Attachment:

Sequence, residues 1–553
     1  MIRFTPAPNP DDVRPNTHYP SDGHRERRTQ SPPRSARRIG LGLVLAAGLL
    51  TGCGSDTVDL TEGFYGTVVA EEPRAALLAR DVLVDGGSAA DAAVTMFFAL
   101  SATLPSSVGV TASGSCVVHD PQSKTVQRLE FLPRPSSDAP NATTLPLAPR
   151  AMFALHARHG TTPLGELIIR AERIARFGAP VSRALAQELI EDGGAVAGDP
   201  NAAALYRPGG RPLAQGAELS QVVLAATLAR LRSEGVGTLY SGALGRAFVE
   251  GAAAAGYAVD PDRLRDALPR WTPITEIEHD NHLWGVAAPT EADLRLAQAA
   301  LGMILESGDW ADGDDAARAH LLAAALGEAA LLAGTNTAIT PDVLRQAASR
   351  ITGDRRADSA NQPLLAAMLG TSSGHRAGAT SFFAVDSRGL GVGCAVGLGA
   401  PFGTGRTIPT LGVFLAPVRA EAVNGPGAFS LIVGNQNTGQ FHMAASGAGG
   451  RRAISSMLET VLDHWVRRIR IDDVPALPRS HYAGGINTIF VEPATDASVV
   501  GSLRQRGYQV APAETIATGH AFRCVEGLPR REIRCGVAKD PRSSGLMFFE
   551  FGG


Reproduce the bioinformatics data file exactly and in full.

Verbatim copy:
Sequence, residues 1–553
     1  MIRFTPAPNP DDVRPNTHYP SDGHRERRTQ SPPRSARRIG LGLVLAAGLL
    51  TGCGSDTVDL TEGFYGTVVA EEPRAALLAR DVLVDGGSAA DAAVTMFFAL
   101  SATLPSSVGV TASGSCVVHD PQSKTVQRLE FLPRPSSDAP NATTLPLAPR
   151  AMFALHARHG TTPLGELIIR AERIARFGAP VSRALAQELI EDGGAVAGDP
   201  NAAALYRPGG RPLAQGAELS QVVLAATLAR LRSEGVGTLY SGALGRAFVE
   251  GAAAAGYAVD PDRLRDALPR WTPITEIEHD NHLWGVAAPT EADLRLAQAA
   301  LGMILESGDW ADGDDAARAH LLAAALGEAA LLAGTNTAIT PDVLRQAASR
   351  ITGDRRADSA NQPLLAAMLG TSSGHRAGAT SFFAVDSRGL GVGCAVGLGA
   401  PFGTGRTIPT LGVFLAPVRA EAVNGPGAFS LIVGNQNTGQ FHMAASGAGG
   451  RRAISSMLET VLDHWVRRIR IDDVPALPRS HYAGGINTIF VEPATDASVV
   501  GSLRQRGYQV APAETIATGH AFRCVEGLPR REIRCGVAKD PRSSGLMFFE
   551  FGG